My Favorites

Saturday, January 4, 2020

Writing - part xx093 Writing a Novel, Teaching

4 January 2020, Writing - part xx093 Writing a Novel, Teaching

Announcement: Delay, my new novels can be seen on the internet, but my primary publisher has gone out of business—they couldn’t succeed in the past business and publishing environment.  I'll keep you informed, but I need a new publisher.  More information can be found at www.ancientlight.com.  Check out my novels--I think you'll really enjoy them.

Introduction: I wrote the novel Aksinya: Enchantment and the Daemon. This was my 21st novel and through this blog, I gave you the entire novel in installments that included commentary on the writing. In the commentary, in addition to other general information on writing, I explained, how the novel was constructed, the metaphors and symbols in it, the writing techniques and tricks I used, and the way I built the scenes. You can look back through this blog and read the entire novel beginning with http://www.pilotlion.blogspot.com/2010/10/new-novel-part-3-girl-and-demon.html.

I'm using this novel as an example of how I produce, market, and eventually (we hope) get a novel published. I'll keep you informed along the way.

Today's Blog: To see the steps in the publication process, visit my writing websites http://www.sisteroflight.com/.
The four plus one basic rules I employ when writing:
1. Don't confuse your readers.
2. Entertain your readers.
3. Ground your readers in the writing.
4. Don't show (or tell) everything.
     4a. Show what can be seen, heard, felt, smelled, and tasted on the stage of the novel.
5. Immerse yourself in the world of your writing.
These are the steps I use to write a novel including the five discrete parts of a novel:

1.     Design the initial scene
2.     Develop a theme statement (initial setting, protagonist, protagonist’s helper or antagonist, action statement)
a.     Research as required
b.     Develop the initial setting
c.     Develop the characters
d.     Identify the telic flaw (internal and external)
3.     Write the initial scene (identify the output: implied setting, implied characters, implied action movement)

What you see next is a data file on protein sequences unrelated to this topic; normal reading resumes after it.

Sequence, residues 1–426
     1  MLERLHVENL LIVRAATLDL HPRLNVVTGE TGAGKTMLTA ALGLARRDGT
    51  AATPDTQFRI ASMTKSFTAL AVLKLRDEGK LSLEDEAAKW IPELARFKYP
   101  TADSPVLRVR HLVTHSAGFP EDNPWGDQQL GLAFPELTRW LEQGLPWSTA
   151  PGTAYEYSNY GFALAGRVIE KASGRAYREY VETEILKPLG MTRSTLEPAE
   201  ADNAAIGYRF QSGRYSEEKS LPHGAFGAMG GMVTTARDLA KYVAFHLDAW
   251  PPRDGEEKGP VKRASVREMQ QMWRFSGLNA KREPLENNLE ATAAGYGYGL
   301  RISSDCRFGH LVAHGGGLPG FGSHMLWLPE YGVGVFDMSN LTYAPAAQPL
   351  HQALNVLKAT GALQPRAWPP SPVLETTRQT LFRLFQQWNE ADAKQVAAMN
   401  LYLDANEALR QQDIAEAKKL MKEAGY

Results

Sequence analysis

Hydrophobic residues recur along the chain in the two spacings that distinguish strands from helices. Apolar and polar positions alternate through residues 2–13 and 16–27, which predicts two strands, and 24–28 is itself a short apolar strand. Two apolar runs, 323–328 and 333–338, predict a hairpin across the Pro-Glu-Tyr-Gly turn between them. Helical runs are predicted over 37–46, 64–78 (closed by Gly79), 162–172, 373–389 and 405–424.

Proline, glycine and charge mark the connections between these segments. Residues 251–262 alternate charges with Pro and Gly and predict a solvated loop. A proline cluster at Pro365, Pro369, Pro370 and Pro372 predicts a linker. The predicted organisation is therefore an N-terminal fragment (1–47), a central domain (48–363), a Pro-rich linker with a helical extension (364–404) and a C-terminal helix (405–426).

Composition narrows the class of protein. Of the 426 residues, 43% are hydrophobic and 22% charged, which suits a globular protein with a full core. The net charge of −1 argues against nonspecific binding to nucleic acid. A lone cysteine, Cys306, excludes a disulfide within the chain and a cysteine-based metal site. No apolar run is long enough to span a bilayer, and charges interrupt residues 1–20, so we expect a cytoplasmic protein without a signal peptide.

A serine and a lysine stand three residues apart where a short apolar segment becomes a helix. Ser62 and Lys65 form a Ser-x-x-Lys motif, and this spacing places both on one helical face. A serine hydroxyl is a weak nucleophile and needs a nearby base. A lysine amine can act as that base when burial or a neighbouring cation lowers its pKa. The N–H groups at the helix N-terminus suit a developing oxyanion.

4.     Write the next scene(s) to the climax (rising action)
5.     Write the climax scene
6.     Write the falling action scene(s)
7.     Write the dénouement scene
I finished writing my 29th novel, working title, Detective, potential title Blue Rose: Enchantment and the Detective.  The theme statement is: Lady Azure Rose Wishart, the Chancellor of the Fae, supernatural detective, and all around dangerous girl, finds love, solves cases, breaks heads, and plays golf.  
Here is the cover proposal for Blue Rose: Enchantment and the Detective
Cover Proposal
The most important scene in any novel is the initial scene, but eventually, you have to move to the rising action. I am continuing to write on my 30th novel, working title Red Sonja.  I finished my 29th novel, working title Detective.  I’m planning to start on number 31, working title Shifter
How to begin a novel.  Number one thought, we need an entertaining idea.  I usually encapsulate such an idea with a theme statement.  Since I’m writing a new novel, we need a new theme statement.  Here is an initial cut.

For novel 30:  Red Sonja, a Soviet spy, infiltrates the X-plane programs at Edwards AFB as a test pilot’s administrative clerk, learns about freedom, and is redeemed.

For novel 31:  Deirdre and Sorcha are redirected to French finishing school where they discover difficult mysteries, people, and events. 

Here is the scene development outline:

1. Scene input (comes from the previous scene output or is an initial scene)
2. Write the scene setting (place, time, stuff, and characters)
3. Imagine the output, creative elements, plot, telic flaw resolution (climax) and develop the tension and release.
4. Write the scene using the output and creative elements to build the tension.
5. Write the release
6. Write the kicker
          
Today:  Why don’t we go back to the basics and just writing a novel?  I can tell you what I do, and show you how I go about putting a novel together.  We can start with developing an idea then move into the details of the writing.